Among the allegations of financial problems and irregularities laid out in Jones' letter are claims that:
Managers have been told a $3 million shortfall exists while staff has been told there is no operational deficit.
No central office oversees expenditure of grant money.
Millions of dollars were spent to develop a family practice residency program on Maui, but the cost to build the clinic was never reported and the board of directors was never informed that the clinic opened and closed.
Kuakini invested heavily in a telemedicine system that has not been used.
Kajiwara spent $1.5 million to install a telecommunications line to the Maui High Performance Computing Center that was seldom used and ordered disconnected.
Only six of 72 units in the Physicians Office Tower have been sold to third-party buyers.
Jones also pointed out that 990 forms, the tax returns that most 501(c)(3) charities file annually with the IRS, show that Kajiwara was paid $218,969 for the health system in 2001-02 and $218,861 for the medical center in 2000-2001 and questioned whether Kajiwara was being paid by both entities.
A section in Jones' letter indicates his office has received a complaint suggesting patient care has been compromised, including claims that:
The hospital's nursing personnel are "seriously understaffed and patients are complaining about poor service."
There have been an increased number of patients who fall because of insufficient staff to monitor them.
Inadequate staffing has led to a rise in medication errors; there are increased absences among nurses because of fatigue and stress; a large staff turnover exists because of problems with management; some acute-care services are unavailable on weekends.
Kajiwara defended his management style and said "our managers collectively, as well as our staff, they'll be able to confirm whether I mismanage or not."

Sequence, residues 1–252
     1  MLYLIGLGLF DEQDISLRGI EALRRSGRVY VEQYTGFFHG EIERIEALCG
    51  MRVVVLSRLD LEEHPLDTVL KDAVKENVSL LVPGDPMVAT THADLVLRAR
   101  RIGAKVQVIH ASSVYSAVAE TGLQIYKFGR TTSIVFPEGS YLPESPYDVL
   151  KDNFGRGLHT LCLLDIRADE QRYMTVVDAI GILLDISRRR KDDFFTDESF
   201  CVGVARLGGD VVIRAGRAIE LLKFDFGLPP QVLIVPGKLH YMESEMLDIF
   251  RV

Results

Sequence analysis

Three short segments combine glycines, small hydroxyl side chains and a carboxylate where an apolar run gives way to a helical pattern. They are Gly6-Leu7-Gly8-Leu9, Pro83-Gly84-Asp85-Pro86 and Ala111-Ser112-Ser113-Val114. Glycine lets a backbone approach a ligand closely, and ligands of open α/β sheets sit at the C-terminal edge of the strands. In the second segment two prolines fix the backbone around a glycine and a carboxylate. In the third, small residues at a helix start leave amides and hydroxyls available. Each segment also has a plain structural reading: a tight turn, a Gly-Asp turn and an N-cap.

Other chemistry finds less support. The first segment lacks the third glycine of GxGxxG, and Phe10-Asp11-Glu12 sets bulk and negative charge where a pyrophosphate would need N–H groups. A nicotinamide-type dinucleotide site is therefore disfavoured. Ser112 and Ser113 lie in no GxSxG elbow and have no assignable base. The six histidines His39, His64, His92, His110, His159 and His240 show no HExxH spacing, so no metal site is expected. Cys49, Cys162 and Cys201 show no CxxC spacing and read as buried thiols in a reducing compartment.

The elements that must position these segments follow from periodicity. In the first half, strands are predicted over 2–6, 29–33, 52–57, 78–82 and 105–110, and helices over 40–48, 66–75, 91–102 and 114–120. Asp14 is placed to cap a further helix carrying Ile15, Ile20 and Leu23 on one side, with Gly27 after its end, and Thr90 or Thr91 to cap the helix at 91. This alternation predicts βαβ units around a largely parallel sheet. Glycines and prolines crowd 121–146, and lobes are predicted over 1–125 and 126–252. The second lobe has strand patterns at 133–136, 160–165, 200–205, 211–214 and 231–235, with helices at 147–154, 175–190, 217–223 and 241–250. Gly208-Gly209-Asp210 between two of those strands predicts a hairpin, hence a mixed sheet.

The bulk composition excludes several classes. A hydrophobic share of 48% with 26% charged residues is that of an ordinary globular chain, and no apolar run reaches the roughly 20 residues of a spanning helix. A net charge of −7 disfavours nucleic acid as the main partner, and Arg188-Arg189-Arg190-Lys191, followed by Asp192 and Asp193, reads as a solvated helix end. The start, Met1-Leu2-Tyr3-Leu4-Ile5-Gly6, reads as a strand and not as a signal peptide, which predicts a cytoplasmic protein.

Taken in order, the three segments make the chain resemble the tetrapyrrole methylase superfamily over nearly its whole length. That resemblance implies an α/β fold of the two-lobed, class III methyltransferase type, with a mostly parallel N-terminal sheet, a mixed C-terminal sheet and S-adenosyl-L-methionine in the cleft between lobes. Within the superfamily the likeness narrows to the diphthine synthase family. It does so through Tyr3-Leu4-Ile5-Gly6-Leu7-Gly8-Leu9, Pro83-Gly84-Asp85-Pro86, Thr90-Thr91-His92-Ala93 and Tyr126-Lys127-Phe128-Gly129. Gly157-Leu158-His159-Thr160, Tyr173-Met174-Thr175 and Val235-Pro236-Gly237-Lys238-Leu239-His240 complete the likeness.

"Whatever actions that I have done in my position, I do make sure that I do present it to the board, or I have to work within the budgetary limits that the board has approved for the fiscal year," he said. "I'm confident that the attorney general will recognize that we have been trying to do a very good job."
Established in 1900 as the Japanese Charity Hospital, Kuakini is a 212-bed acute-care hospital that reported gross revenue of $198 million last year. The medical center reported having 920 employees last year. Among its specialties, Kuakini lists geriatric care, cardiovascular care, cancer care, 24-hour emergency service and gastroenterology.
In the letter, Jones said his office recently received a detailed statement of concerns and also is aware of a lawsuit filed by a local physician, Dr. Robert Oishi, accusing management of improperly removing him from the board of directors.
Oishi's lawsuit, filed May 21, charged that he was wrongfully and illegally removed from the center's board after he criticized Kuakini management, including accusing Kajiwara of failing to disclose information to board members, mismanaging programs and retaliating against board members who questioned Kajiwara's policies.
In court papers filed in response, Kuakini denied all the allegations.
Earlier this week, a group of 21 Kuakini doctors released a survey that they had commissioned indicating that a majority of them are unhappy with hospital management. The group issued a statement that 94 of 275 physicians responded to the SMS Research survey and the results are critical of the administration and management.